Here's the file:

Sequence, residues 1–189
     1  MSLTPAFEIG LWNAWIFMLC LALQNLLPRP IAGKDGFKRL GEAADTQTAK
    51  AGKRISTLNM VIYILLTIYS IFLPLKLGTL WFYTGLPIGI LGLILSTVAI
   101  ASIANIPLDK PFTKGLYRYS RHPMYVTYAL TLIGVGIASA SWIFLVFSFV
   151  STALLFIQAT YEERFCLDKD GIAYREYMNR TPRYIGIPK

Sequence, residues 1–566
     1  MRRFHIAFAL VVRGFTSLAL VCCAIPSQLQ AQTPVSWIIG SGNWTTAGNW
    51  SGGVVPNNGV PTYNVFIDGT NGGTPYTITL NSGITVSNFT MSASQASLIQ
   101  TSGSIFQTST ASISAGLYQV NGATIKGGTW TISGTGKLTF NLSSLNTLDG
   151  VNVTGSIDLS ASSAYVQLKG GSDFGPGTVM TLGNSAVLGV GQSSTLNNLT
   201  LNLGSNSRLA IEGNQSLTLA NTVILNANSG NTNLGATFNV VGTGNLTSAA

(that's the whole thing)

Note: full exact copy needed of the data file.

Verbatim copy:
Sequence, residues 1–189
     1  MSLTPAFEIG LWNAWIFMLC LALQNLLPRP IAGKDGFKRL GEAADTQTAK
    51  AGKRISTLNM VIYILLTIYS IFLPLKLGTL WFYTGLPIGI LGLILSTVAI
   101  ASIANIPLDK PFTKGLYRYS RHPMYVTYAL TLIGVGIASA SWIFLVFSFV
   151  STALLFIQAT YEERFCLDKD GIAYREYMNR TPRYIGIPK

Sequence, residues 1–566
     1  MRRFHIAFAL VVRGFTSLAL VCCAIPSQLQ AQTPVSWIIG SGNWTTAGNW
    51  SGGVVPNNGV PTYNVFIDGT NGGTPYTITL NSGITVSNFT MSASQASLIQ
   101  TSGSIFQTST ASISAGLYQV NGATIKGGTW TISGTGKLTF NLSSLNTLDG
   151  VNVTGSIDLS ASSAYVQLKG GSDFGPGTVM TLGNSAVLGV GQSSTLNNLT
   201  LNLGSNSRLA IEGNQSLTLA NTVILNANSG NTNLGATFNV VGTGNLTSAA